It’s been nearly a month since Nintendo pulled the curtain off of the (not-so-secret) Nintendo Switch Lite. I’m still having a hard time believing it’s a real thing, and still don’t really accept the fact that it exists, but that’s beside the point. The real point is that Nintendo is actually about to release a dedicated handheld in the year of 2019.
The last time a dedicated handheld system launched was late 2011, being the PlayStation Vita in Japan. That means the gaming world hasn’t seen a brand new full-on portable game system in nearly a decade. And honestly, I don’t think many of us were expecting to see another. At least for me, I was expecting the day that Nintendo announces the 3DS/2DS family to be formally discontinued (which is bound to happen soon) to be the day that the lineage of pure handhelds ends forever.
With the Switch as we’ve known it, I thought Nintendo was forging a new path, the rise of the hybrid. After all, the console has been so successful playing both sides. So, that once again begs the question: Why did Nintendo go through the trouble of creating the Switch Lite in the first place? There actually is an official answer.
According to Nintendo of America president Doug Bowser, Nintendo observed the playing trends of Switch users and noticed that most users preferred to play in handheld/tabletop mode. From that data, it seems Nintendo hatched the idea that offering a cheaper, more basic version dedicated to handheld play would attract even more people to the platform.
True, a cheaper version of the system is bound to generate more sales. That’s why there are devices like the Google Pixel 3a, Samsung Galaxy S10e, and iPhone 10R — more basic versions of flagship products for people on a budget. But the thing about the Switch Lite is that the original Switch is still a portable device, hence why I find the existence of the Lite to be virtually meaningless. Nevertheless, it’s happening anyway, so what should we expect to happen from now on?
It’s hard to say. While the Switch has proven to hold its own against the other systems, it’s hard to see where this will go in the near future. There have been some big games ported to the system so far, some of which were seemingly impossible. Yet, developers have found a way to scale their games down to run on the mobile hardware the Switch uses. That’s excellent, and since the Switch Lite is also compatible with almost every piece of software, that goes to show that even if the Switch had been originally released as a portable, it still would’ve been the first-ever handheld to stand equal with its home console counterparts. However, times will soon change.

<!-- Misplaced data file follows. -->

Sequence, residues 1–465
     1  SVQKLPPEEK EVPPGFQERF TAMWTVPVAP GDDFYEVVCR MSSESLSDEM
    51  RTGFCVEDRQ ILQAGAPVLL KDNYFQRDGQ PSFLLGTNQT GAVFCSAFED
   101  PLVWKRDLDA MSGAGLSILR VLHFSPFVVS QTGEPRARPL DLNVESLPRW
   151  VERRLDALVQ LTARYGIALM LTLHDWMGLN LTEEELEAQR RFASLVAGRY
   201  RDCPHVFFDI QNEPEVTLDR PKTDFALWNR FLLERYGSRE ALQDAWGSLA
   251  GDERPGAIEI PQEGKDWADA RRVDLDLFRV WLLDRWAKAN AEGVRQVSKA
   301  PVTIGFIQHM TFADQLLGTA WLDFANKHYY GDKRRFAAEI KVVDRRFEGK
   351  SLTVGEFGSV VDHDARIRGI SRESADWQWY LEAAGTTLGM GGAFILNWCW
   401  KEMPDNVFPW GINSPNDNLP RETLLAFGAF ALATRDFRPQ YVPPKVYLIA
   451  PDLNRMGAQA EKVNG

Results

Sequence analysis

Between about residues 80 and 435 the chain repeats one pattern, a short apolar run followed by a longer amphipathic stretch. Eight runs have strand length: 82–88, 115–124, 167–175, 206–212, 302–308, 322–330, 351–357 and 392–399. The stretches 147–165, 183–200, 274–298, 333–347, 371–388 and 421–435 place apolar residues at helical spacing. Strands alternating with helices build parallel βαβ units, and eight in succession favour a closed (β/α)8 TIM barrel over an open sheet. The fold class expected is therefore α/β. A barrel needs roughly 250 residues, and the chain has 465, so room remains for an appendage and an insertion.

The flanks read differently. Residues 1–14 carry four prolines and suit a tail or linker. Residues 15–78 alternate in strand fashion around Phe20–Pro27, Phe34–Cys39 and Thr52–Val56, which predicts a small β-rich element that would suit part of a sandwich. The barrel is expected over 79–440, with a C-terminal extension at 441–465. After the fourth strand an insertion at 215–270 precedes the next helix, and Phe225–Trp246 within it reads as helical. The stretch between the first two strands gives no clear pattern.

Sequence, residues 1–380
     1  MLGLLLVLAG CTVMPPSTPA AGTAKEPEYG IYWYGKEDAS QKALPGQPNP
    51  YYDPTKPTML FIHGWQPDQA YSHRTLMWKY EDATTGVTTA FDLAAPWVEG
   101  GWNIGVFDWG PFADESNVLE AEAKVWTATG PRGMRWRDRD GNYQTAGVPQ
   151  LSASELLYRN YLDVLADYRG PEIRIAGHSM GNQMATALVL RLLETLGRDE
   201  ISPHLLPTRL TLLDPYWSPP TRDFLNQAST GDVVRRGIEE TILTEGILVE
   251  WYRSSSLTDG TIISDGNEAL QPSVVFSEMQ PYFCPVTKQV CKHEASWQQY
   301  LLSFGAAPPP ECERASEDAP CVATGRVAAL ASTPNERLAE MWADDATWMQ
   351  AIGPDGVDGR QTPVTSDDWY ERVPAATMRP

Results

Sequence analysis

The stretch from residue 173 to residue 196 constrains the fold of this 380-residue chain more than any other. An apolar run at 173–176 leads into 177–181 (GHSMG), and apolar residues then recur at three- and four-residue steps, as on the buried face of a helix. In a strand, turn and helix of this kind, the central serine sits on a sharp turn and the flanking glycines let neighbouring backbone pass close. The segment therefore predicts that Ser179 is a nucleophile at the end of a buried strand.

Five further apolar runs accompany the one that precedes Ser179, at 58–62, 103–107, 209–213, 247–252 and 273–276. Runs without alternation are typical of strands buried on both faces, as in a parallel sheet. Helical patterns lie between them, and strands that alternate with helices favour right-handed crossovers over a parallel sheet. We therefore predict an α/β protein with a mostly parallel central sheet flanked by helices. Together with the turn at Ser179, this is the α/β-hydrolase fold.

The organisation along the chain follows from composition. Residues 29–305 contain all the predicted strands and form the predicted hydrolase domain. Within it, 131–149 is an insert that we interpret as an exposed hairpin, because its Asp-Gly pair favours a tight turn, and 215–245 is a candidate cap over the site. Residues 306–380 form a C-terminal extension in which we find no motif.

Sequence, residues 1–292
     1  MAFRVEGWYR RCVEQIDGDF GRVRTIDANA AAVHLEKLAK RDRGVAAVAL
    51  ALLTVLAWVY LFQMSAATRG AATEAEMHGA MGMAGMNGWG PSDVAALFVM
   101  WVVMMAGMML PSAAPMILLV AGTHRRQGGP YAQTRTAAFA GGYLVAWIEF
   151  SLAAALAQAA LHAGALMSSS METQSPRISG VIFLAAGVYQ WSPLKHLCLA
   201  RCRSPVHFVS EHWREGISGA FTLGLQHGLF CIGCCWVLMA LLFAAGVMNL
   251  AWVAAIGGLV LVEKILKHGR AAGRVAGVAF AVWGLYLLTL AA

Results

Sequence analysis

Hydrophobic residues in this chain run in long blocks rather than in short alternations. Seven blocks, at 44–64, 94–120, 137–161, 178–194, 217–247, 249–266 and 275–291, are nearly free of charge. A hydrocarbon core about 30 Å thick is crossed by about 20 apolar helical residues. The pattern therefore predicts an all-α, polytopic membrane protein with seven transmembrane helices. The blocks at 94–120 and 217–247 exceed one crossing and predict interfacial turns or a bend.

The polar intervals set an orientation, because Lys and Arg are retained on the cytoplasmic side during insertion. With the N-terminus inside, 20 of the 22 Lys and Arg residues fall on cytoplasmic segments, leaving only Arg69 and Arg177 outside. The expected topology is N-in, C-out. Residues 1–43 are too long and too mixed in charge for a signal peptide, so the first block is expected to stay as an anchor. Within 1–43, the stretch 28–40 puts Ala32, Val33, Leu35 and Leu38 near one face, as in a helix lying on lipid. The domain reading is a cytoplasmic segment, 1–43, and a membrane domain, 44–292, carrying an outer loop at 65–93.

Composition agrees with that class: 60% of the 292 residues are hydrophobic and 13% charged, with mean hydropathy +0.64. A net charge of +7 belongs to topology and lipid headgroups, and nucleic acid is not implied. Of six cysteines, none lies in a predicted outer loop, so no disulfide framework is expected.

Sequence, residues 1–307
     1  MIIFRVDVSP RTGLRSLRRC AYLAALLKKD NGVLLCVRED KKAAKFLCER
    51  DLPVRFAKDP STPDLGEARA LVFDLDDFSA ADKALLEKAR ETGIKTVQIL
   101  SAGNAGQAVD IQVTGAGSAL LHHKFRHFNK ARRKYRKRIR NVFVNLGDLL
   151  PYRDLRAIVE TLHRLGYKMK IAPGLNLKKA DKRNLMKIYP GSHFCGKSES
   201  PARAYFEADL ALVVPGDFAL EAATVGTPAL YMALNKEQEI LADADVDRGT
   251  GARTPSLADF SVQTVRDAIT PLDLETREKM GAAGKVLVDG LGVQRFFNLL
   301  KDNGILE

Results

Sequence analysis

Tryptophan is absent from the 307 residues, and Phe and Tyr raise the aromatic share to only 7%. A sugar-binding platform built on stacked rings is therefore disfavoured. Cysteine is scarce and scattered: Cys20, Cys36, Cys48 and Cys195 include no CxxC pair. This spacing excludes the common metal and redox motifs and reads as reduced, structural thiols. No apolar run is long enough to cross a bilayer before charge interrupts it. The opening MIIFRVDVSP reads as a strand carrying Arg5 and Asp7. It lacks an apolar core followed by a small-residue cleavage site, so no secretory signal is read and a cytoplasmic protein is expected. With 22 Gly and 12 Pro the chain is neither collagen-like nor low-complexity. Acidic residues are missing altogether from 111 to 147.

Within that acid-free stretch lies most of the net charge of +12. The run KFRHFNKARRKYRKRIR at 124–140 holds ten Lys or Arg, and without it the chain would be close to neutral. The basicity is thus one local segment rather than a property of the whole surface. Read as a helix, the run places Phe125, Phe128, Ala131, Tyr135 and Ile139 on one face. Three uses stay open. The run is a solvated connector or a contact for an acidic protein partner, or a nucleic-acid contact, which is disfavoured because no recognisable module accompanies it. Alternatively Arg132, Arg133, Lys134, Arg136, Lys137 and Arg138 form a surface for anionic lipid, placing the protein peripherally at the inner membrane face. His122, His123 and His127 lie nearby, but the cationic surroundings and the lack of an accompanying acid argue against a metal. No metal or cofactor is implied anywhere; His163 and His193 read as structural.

A challenger approaches
As the next generation of consoles looms ever closer, the future of Switch hangs in the balance. Developers will now have to optimize for a handheld-only Switch, in addition to the docking variant. Compared to just the PS4 and Xbox One S of today, that’s a challenge, so imagine the difference when the Xbox Scarlett and PS5 come to town. Despite this, people are clearly interested in a portable system, so developers will stick around as long as the audience is there.
What I wonder about the interest in a portable system is how much of it is genuine. Going back to Nintendo’s reasoning, I wonder if one key fact was taken into consideration: How much of that portable playtime was dedicated? How many users actually play the Switch purely as a portable system versus those who play it portably out of convenience? For gamers with busy lives, playing for an hour or two on the TV might happen every so often. However, when they have free spots throughout the day, they play the Switch in portable mode. Since they’re able to dedicate more time in those short bursts, naturally that playtime would accumulate over a long period. Keeping this in mind, I wonder if the data could possibly be skewed due to this caveat.
If anything, the Switch Lite’s sales will prove just how badly people want a totally handheld system in this day and age. Again, its attractive price tag and massive library will surely help it sell well, so there is a good chance sales will be strong. Still, I wonder how this will affect Nintendo’s hardware development moving forward.
Cornering the market
I really don’t want to see the hybrid design abandoned. I don’t think it will be abandoned either; otherwise, Nintendo would have been trying to make the Switch Lite the new face of the Switch family, like how the New 2DS XL somehow ended up becoming the flagship member of the 3DS family. If anything, the existence of the Switch Lite may just encourage Nintendo and Nvidia’s hardware engineers to go the extra mile with designing a mobile chipset that can handle high-quality games even without a dock.
Late last year, I wrote an article talking about how the 2018 iPad Pro marked a huge advancement for mobile technology that could help the future of devices like the Switch. If Nintendo does plan on continuing its semi-dual system plan for the next generation of Switch, then again, that next-gen mobile chipset should hopefully be a beast, similar to that of the iPad Pro. After all, it doesn’t even have to connect to external power to perform like an Xbox One S.
After September, it will be very interesting to observe the future of the Switch lineage. Even though the Switch Lite is effectively the successor to the 3DS, it’s still unique since it complements a hybrid console. One thing is for sure: With Sony and Microsoft continuously trying to dominate the living room, Nintendo clearly has its sights set elsewhere — anywhere else but the TV. As the sole provider of portable gaming, Nintendo has now fundamentally carved out its own little corner of the market. Maybe that’s why the Switch Lite really exists — because the only one who can do it right now is Nintendo.